On the left no current is applied to either Input 1 or 2. With no current applied current passes through the NOR Gate and lights the bulb. On the right current is applied to Input 2, the lower electro-magnet. This opens the lower switch. Current is allowed to pass through the first gate, however it is stopped by the second gate. Current applied to either input will stop current from going through this device.
The NOR Gate is slightly harder to understand than the other gates. This is because it turns ON when there is no input and OFF when there is input.
4.1.3 Gates Come To Life With A Flip Flop
The Flip Flop is two NOR gates wired together as show below. When NOR gates are arranged this way an amazing thing happens. The simple device gains the ability to store data. Once a flip flop is set to a state, it will remain in that state until it is reset. That makes the flip-flop perfect for storing data. Once set, it will stay in either the ON or OFF state indefinitely.
A flip-flop is two NOR Gates combined as shown below in an arrangement below. The output of one gate is connected to the input of the other gate and vice versa:
Figure 1 shows the flip flop is one state where the top output is OFF. Consider this system at rest. With no current applied to either input the bottom NOR Gate is ON. This cuts off current to the upper NOR Gate. The flip flop will remain in this state indefinitely barring outside influence.
Figure 2 shows current to the lower input.
Figure 3 shows output of the lower NOR gate turning OFF due to current applied to its input.
Figure 4 shows the output of the upper NOR gate turned ON due to no current applied to either input. Consequently current is applied to the lower NOR gate keeping it turned OFF.
Now the flip-flop is set to a second state where the upper output is ON. It will stay that way and is at rest.
The flip-flop is an amazing piece of hardware. This simple arrangement of two NOR gates allows this device to store information. For example, if you have 16 flip flops you can store a 16 digit binary number. Merely set the digit 1 to state one and 0 to state two. When you set a number into the 16 flip flops that number will remain there indefinitely.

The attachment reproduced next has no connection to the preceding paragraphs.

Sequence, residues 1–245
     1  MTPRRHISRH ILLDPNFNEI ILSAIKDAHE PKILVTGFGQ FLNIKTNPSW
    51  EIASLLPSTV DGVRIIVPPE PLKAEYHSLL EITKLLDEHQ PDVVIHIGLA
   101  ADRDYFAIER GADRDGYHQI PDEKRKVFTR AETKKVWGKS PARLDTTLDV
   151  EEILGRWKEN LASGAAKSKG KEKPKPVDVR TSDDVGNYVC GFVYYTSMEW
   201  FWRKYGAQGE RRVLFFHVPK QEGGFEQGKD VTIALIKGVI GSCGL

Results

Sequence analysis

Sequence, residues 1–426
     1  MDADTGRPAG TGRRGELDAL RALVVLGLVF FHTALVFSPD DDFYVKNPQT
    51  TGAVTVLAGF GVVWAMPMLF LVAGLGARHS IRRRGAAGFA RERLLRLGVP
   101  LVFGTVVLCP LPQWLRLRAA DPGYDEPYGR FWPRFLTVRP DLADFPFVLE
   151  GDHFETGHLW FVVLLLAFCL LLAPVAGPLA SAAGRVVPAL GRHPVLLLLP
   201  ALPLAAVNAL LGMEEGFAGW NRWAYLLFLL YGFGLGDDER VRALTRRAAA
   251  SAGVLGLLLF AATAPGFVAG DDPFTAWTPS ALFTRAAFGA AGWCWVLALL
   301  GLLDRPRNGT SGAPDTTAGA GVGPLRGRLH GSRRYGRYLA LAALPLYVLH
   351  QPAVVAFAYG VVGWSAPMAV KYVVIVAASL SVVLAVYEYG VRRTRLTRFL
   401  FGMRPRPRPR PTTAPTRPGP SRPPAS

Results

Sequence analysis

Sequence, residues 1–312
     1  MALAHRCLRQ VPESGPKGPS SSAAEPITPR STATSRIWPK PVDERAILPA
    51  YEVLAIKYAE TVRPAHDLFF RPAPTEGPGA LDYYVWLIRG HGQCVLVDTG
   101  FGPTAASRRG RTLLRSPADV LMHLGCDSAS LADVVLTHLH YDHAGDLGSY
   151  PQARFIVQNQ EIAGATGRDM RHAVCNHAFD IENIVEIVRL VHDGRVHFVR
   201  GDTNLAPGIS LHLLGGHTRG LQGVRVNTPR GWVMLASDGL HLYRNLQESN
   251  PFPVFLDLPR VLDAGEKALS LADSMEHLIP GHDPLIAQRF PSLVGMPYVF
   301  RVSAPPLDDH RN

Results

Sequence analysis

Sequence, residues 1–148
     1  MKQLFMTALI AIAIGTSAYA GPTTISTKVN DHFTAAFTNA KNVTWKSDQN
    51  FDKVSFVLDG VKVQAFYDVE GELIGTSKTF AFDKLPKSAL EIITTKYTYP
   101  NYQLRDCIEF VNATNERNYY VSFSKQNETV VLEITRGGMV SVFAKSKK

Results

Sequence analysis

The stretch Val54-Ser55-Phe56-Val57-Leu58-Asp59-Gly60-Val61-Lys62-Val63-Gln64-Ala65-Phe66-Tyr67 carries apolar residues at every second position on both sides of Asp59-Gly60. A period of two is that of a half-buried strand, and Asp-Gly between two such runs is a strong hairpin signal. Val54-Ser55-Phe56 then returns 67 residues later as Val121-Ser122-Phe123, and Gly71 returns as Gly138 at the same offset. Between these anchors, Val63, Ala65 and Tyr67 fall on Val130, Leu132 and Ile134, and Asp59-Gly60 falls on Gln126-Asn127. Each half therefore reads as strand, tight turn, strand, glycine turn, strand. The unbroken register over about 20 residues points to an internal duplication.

The flip flop forms the foundation for memory. Given enough flip flops we can store unlimited data. It is hard to imagine how nerves could get together to arrange themselves in this manner to give rise to memory in living things. Perhaps memory in humans is based on a completely different hardware structure however this is one way to store information into hardware – be it transistors or nerves.
4.1.4 Setting A Bit
A BIT is short for binary digit. It is the smallest piece of computer memory. It is capable of storing a single binary number, either zero or one. A computer bit is basically a flip flop wrapped in a few basic circuits. The flip flop is the hardware mechanism that stores the data. The illustration below shows how a bit is set with data input and a clock:
Figure 1 shows the bit at rest in OFF status. NOR Gate B is ON because there is no current on either input.
Figure 2 shows the input line turning ON.
Figure 3 shows the clock line turning ON. Note that both inputs on the lower AND gate are turned ON. Since both leads are ON, current passes through the AND gate into the lower NOR gate B. Input on either lead of NOR Gate B turns it OFF.
Figure 4 shows NOR Gate A turning ON because there is no current on either input. This lights the bulb and the bit is considered set or in the ON state.
Note: A computer clock is merely a device that turns ON and OFF it regular intervals. The ON/OFF cycles of the clock synchronize the movement of data in memory. The clock is connected to the input of the bit with AND Gates. For current to reach the bit the clock line must be turned ON. When the clock line is OFF nothing takes place because no current can reach the bit. The clock effectively slices time into discrete sections. When the clock is ON things happen. Switches can be set. When the clock is OFF nothing happens. Dividing time into segments of action/no action keeps data movement in memory sharp.